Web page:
Tuesday, August 28, 2018

"Suffer the Children"

Lisa Black spent the five happiest years of her life in a morgue. As a forensic scientist at the Cuyahoga County Coroner’s Office she analyzed many forms of trace evidence as well as crime scenes. Now she’s a certified latent print examiner and CSI in Florida and is the author of thirteen traditionally published novels. Some of which have been translated into six other languages, one has been optioned for film and one reached the New York Times bestseller’s list. The latest is Suffer the Children, which involves forensic scientist Maggie Gardiner and homicide detective Jack Renner in a series of deaths inside a center for violent children.

Black applied the Page 69 Test to Suffer the Children and reported the following:
Suffer the Children takes place inside the Firebird Center, a juvenile detention facility for troubled and violent children, a demographic with which neither forensic scientist Maggie nor homicide detective Jack has had much experience. A fifteen-year-old girl with two murders already under her belt has been found at the bottom of a stairwell. Fell? Jumped? Pushed? Maggie applies her forensic expertise to the scene while Jack interviews doctors, therapists and less-than-communicative juveniles. Another violent death, of course, is just around the corner, but on page 69 no one knows it yet.

Maggie is doing her thing at an unrelated crime scene, where her boss tries to engage her in a very subtle heart-to-heart—the fact that her life has radically changed since meeting Jack Renner has not gone unnoticed. But there have been other traumas to blame that on, an attack by a knife-wielding rapist, a drive-by shooting, a near-throttling and having her shoulder dislocated while saving Jack from a fatal fall, so her co-workers believe all she needs is a little talk therapy. They have no idea what she’s really done, and when a phone call summons her back to the juvenile center she is saved from her boss’s curiosity.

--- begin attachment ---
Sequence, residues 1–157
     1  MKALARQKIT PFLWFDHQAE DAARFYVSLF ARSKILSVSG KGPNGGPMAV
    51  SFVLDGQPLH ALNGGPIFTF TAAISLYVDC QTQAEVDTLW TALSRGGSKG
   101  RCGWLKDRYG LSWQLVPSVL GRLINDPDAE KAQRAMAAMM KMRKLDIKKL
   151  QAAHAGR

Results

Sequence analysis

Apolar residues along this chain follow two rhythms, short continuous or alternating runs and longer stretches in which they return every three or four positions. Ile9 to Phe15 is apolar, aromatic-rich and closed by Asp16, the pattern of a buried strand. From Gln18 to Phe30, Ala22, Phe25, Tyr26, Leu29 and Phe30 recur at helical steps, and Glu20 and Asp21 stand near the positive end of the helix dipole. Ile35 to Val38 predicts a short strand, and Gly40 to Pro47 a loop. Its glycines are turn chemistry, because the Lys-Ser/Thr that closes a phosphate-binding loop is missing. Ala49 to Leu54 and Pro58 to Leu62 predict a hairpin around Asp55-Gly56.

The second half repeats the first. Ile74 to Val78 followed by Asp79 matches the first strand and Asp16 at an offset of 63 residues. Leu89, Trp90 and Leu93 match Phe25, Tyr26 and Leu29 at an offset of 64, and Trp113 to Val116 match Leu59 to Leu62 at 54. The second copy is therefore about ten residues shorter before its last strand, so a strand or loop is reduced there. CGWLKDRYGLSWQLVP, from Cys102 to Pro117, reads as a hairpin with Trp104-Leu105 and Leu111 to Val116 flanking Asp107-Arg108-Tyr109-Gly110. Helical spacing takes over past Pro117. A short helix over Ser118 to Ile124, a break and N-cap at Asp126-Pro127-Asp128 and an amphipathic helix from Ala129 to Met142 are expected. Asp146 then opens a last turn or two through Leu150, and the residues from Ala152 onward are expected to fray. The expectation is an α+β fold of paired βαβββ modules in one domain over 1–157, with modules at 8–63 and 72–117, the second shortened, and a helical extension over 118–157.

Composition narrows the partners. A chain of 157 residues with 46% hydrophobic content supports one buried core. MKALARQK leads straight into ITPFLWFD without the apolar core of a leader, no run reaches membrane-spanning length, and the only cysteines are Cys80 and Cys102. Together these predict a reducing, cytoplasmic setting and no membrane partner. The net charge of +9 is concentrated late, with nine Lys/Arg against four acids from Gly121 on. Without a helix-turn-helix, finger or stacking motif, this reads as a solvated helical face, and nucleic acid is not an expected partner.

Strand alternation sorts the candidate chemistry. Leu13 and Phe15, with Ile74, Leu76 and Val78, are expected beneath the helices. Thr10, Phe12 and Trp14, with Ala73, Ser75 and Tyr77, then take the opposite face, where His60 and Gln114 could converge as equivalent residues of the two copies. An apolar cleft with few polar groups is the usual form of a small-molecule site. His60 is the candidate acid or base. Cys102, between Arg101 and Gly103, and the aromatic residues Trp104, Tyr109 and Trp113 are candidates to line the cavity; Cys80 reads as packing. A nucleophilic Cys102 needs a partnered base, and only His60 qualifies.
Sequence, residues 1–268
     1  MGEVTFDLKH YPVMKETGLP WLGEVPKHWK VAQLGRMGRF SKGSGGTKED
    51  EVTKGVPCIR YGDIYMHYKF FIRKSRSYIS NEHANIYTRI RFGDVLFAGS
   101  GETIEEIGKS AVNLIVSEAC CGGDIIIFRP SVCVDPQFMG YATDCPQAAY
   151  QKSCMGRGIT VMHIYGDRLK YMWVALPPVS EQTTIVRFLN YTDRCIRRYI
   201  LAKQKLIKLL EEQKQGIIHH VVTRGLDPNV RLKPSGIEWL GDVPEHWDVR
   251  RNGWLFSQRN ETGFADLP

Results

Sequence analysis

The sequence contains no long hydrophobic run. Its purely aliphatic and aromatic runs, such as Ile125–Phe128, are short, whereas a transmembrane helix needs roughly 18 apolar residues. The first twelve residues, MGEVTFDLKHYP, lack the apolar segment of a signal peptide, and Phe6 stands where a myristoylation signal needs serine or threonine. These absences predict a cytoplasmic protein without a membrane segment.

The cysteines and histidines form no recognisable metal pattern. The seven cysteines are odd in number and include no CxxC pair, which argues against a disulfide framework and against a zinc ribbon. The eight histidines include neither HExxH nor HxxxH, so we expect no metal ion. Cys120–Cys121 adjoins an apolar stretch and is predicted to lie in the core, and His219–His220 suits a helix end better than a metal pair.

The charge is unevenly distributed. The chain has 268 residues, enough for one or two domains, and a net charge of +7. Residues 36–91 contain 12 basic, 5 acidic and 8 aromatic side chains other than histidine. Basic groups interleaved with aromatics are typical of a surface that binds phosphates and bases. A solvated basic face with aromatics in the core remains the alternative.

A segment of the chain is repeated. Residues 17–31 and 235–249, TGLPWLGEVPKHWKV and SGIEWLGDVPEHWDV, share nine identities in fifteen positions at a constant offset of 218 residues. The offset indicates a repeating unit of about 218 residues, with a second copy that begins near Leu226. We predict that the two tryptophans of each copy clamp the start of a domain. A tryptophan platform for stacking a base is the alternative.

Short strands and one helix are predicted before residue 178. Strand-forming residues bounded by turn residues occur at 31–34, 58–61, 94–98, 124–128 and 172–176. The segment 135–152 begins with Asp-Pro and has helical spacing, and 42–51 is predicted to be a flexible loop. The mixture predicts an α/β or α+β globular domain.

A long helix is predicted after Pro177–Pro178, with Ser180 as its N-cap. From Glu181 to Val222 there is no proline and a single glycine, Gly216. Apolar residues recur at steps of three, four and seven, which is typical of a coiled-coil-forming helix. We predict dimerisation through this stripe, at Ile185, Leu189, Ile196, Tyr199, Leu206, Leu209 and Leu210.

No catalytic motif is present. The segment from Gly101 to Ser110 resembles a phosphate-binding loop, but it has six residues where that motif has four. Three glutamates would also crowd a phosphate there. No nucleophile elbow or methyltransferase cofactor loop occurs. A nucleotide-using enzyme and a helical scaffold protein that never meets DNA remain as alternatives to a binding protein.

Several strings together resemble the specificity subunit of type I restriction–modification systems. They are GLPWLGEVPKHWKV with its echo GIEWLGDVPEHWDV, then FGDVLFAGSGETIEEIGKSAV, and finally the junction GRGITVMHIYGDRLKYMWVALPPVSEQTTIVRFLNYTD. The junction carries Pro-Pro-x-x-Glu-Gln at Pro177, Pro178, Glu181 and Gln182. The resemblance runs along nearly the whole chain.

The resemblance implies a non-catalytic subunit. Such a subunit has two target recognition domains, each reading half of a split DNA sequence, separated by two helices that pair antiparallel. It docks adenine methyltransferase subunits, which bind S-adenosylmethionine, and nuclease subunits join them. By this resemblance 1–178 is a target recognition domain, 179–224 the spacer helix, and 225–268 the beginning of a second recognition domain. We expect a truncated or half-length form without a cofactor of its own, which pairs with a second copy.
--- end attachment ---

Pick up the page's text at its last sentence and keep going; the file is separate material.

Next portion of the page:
In the next paragraph we skip back in time one hour, as detectives Jack and his partner Riley arrive at the juvenile detention facility. The handsome and apparently caring second-in-command, Dr. Quintero, fusses about bad publicity but only because the center is desperate to expand their services and take in even more disturbed and neglected children. Jack is listening with only a fraction of his attention—he doesn’t expect this case to go anywhere, expects that the girl’s death was a simple accident and one that will not be repeated inside that facility.

He’s about to discover how wrong he is.

This page is very representative of the characters—Maggie, hardworking and troubled, Jack dogged and impatient—but occurs at a bit of a lull in the action. They believe the case is over, that they’ve done all they can and won’t be revisiting the Firebird Center any time soon. But on page 70 they will run into—literally—the next victim.
Learn more about the book and author at Lisa Black's website.

--Marshal Zeringue